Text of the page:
Somehow, the fact that not everything here was perfect did a lot towards making her feel more at ease.
She was just finishing checking herself over in the mirror when she heard running footsteps coming closer. Before she could even react, her door flew open and someone ran inside.
Squealing in surprise – and more fright than she wanted to admit – she looked at the sudden intruder as he closed the door, pressing his back against it, his face looking both tired and on edge.
He was tall. Not unnaturally so, but definitely on the tall side of things, almost two meters, which made him a giant compared to Jasmine’s one meter and seventy centimeters (and change). He was thin, again not unnaturally so, nor in a starved way, but in the lean way of someone born to be thin. His sharp, thin-lipped face, framed by rather big ears and messy brown hair, was not exactly attractive but not unpleasant to look at, either. He looked like he could use some sleep, yet she also saw a lot of laugh lines around his mouth and blue eyes. His clothing consisted of a pair of jeans pants, brown shoes and a dark purple robe that split at the height of his crotch to allow for easier movement.
The robe was covered in shifting patterns of changing colours, a dizzying yet pleasant effect that never held still. If she hadn’t already known his face from the television, that robe would have been all it took to recognise him – and make her heart drop down into the base of her belly.
Prospero, the Grand Conjurer. The Tyrant’s most powerful (though not the most scary) henchman. She could no longer delude herself that she might have been saved.
While he was catching his breath, Jasmine retreated to press her back against the opposite corner, next to the window. Trying to look small, not that there was much of a chance of being overlooked.
After a few moments, the man seemed to finally notice her. “Oh, sorry about this,” he said in a thick voice – not thick like that of a drunk, but just a naturally thick voice – “But could I ask you to maybe pretend that I am not here and neither have you seen me today?” He slid over to stand in the corner next to the door, so that it’d open towards him and keep him hidden. Then he raised his hands, palm to palm, and begged, “Please? I can’t take it anymore!”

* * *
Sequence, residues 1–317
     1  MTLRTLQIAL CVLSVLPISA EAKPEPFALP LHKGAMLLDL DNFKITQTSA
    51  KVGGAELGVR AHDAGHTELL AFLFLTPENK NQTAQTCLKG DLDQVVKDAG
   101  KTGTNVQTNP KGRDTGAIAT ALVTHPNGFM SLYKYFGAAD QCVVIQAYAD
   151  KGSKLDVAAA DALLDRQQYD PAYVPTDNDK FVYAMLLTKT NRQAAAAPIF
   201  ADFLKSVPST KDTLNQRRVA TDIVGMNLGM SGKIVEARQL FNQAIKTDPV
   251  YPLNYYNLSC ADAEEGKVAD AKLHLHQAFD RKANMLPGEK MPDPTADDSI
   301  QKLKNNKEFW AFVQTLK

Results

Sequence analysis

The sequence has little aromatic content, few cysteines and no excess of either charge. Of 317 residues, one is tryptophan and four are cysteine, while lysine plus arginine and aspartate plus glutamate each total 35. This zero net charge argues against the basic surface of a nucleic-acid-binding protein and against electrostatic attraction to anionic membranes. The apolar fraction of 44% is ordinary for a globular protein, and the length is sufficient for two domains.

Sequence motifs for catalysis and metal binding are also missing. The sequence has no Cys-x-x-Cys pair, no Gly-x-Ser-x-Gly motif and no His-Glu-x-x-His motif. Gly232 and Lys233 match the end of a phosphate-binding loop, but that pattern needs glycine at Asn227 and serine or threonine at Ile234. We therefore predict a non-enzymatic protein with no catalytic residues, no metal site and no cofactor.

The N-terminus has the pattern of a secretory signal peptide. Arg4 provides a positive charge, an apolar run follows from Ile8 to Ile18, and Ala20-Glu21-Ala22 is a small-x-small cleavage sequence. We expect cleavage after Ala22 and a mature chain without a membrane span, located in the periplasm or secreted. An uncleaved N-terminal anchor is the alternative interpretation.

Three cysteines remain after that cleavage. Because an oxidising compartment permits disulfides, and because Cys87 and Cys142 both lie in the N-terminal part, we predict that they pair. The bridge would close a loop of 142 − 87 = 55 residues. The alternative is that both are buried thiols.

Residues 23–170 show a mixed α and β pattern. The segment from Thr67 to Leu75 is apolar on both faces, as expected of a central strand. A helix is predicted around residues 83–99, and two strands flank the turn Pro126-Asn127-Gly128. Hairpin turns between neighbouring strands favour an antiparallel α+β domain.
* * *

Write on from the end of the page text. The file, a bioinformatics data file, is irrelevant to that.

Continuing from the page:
Jasmine thought furiously. What was going on here!? Was he a fugitive? If he’d gotten fed up with the Tyrant and was intending to flee… working together with the Grand Conjurer himself would certainly improve her chances. But who was he running away from!? If the Tyrant herself was coming, then…
Then it was finally time for her to stand up for her convictions. Canary looked at Prospero and nodded, trying to simultaneously look more confident and less threatening as she heard another set of footsteps approaching at a fast clip. She swallowed her own spit, preparing herself…
And someone knocked on the door. “Hello? Is anyone there?” asked a female voice with a light British accent.
“N-no!” Jasmine squealed, and immediately hated herself for it.
“That statement makes no sense. Could you open the door, please?” the voice continued, sounding amused.
Jasmine looked at Prospero, and he nodded, though he also put a finger to his lips, begging her not to reveal him, probably.
What kind of monster was that woman, that she scared this man so much?
She approached the door, trying to look more confident than she felt. Why couldn’t she be more Canary and less Jasmine right now?
When she actually opened the door, what she saw was nothing like what she expected – looking at her was a young woman – younger even than herself – in a nicely fitting dark blue power suit that went well with her slender, sharp body. Her face was nothing special by metahuman standards, but just a year ago, Jasmine would have been very envious of her nonetheless – she had rather pouty lips, currently twisted along with the rest of her face into a frown, sharp dark brown eyes and messy brown hair in an untidy ponytail. She was a tad taller than Jasmine, but only because she was wearing medium heels.
As the girl quickly looked her up and down, her frown gave way for a rather mischievous smirk. “So, you’re that girl they dragged in? Canary, right?” she asked, putting her fists on her hips while looking her up and down.
“Y-yes, that’s me,” Jasmine said, not sure how to react to this girl. Everything here kept throwing her off-balance, every time she got close to pulling herself together, something happened to unmake her again. What was a teenager doing here, and why was Prospero afraid of her? “What can I do for you?”
“I’m looking for my father. You don’t happen to have seen him, have you?” the girl asked.
“F-father!?” This was Prospero‘s daughter!?
Fortunately, the girl misunderstood her outburst. “Yeah, my dad. Tall guy who looks like he ain’t eating right – because he isn’t – and wearing a silly robe. You probably know him as Prospero,” she explained, waving one hand in a ‘let’s get this over with’ gesture.